I've always found it interesting how Aristophanes in the Symposium is the man who presents the view of the subject that is the most like ours (he even mentions lesbians!)
    I am aware that the CC (there are like two dozen as one) is entirely logical without exceptions (hence why people complain they are too strict) given their premises. Indeed giving their premises burning heretics is completely logically justifiable. I am however using illogical to refer to their presence of a creator who endowed everyone with souls and thus equal dignity.
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  14. #114
    Arilou, what is homophobia? Phobias are irrational fears, wouldn't they have to be afraid of gays for it to be homophobia
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  15. #115
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    Quote Originally Posted by Sun_Wu View Post
    Arilou, what is homophobia? Phobias are irrational fears, wouldn't they have to be afraid of gays for it to be homophobia
    Semantic drift; but it generally means irrational dislike rather than an uncontrollable fear. And it's all pretty irrational.

    Quote Originally Posted by Arilou
    I'm not a classicist, so I don't share their reverence of the subject, but no: We DON'T have a decent amount of sources on antuiquity. That's the problem. They're ALL very, very biased (not in the sense of deliberate distortion, but in the sense of being written by and for a particular social group, at a very particular locality)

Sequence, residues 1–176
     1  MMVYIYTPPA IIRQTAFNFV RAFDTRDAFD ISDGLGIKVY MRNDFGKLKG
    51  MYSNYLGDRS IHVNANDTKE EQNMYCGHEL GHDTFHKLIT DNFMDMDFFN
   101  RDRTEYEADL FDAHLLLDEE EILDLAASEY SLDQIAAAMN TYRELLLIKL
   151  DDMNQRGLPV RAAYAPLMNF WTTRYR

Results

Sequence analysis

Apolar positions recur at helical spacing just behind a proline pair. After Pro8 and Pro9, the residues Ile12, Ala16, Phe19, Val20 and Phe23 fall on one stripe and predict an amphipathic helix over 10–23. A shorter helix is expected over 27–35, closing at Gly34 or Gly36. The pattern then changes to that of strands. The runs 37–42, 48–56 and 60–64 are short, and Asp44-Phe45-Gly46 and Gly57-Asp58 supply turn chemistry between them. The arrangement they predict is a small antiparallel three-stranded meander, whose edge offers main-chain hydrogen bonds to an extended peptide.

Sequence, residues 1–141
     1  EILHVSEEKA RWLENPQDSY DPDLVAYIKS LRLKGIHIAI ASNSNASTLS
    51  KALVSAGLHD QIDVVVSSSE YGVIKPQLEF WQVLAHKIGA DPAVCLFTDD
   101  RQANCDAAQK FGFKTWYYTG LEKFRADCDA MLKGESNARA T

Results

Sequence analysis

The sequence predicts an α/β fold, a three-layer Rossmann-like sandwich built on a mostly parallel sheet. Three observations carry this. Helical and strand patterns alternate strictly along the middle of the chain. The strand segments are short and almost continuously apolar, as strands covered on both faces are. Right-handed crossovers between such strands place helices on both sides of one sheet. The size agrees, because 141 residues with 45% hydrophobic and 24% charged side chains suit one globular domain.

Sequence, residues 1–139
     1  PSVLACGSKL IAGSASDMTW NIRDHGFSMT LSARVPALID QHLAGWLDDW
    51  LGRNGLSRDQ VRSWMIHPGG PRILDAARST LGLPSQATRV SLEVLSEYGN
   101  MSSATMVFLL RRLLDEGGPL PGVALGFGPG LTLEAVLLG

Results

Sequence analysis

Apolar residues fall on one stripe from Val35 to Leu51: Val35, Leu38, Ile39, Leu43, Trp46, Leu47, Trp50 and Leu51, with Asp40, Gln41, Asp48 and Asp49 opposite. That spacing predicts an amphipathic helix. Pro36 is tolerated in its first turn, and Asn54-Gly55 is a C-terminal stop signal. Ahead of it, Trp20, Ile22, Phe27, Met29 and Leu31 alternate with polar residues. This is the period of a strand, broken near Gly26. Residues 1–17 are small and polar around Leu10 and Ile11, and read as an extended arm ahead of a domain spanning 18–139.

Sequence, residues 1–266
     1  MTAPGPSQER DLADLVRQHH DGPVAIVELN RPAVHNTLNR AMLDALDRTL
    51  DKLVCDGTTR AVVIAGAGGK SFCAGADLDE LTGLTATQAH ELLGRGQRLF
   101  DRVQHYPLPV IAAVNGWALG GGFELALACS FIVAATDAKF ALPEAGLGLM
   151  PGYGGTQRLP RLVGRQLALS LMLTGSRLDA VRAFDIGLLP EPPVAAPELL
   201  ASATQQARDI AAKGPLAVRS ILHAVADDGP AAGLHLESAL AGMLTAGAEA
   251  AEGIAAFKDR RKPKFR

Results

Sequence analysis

EDIT: And of course, a late-imperial novel has as much to do with classical attitudes as our modern world has to do with the 15th century. Even granting that change was slower, that's still an awful lot of time.
    Given the length of time that's passed, and comparing to the middle ages (where this entire conversation started), yeah, I'd say pretty decent. Is it enough to do anything more with than conclude that opinions differed? Not to me, no.

    You know, it's an interesting point about Imperial-era novels (not written for aristocrats alone by any means, nor is Athens any more important than Alexandria unless you really mean a very strict Classical period) - they are usually cited as the point where Romantic Heterosexuality gets defined and enshrined (as opposed to the Pederastic Past) by most constructionists. Except really they're all over the place on both subjects.

    I dislike overly-systematising statements; I dislike construction of past mentalities because the method pretends to understand something we cannot really understand, based entirely on some mono-thesis cobbled together from contradictory sources if not completely invented, for the perverse reason of being afraid to project anything modern (but generally accepted as factual) backwards.
    Last edited by RGB; 20-06-2012 at 09:00.
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  16. #116
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    You know, it's an interesting point about Imperial-era novels (not written for aristocrats alone by any means, nor is Athens any more important than Alexandria unless you really mean a very strict Classical period) - they are usually cited as the point where Romantic Heterosexuality gets defined and enshrined (as opposed to the Pederastic Past) by most constructionists. Except really they're all over the place on both subjects.
    Eh? Romantic Heterosexuality as constructed tends to be dated later, arab poetry, if not chivalric romances.

    I dislike overly-systematising statements; I dislike construction of past mentalities because the method pretends to understand something we cannot really understand, based entirely on some mono-thesis cobbled together from contradictory sources if not completely invented, for the perverse reason of being afraid to project anything modern (but generally accepted as factual) backwards.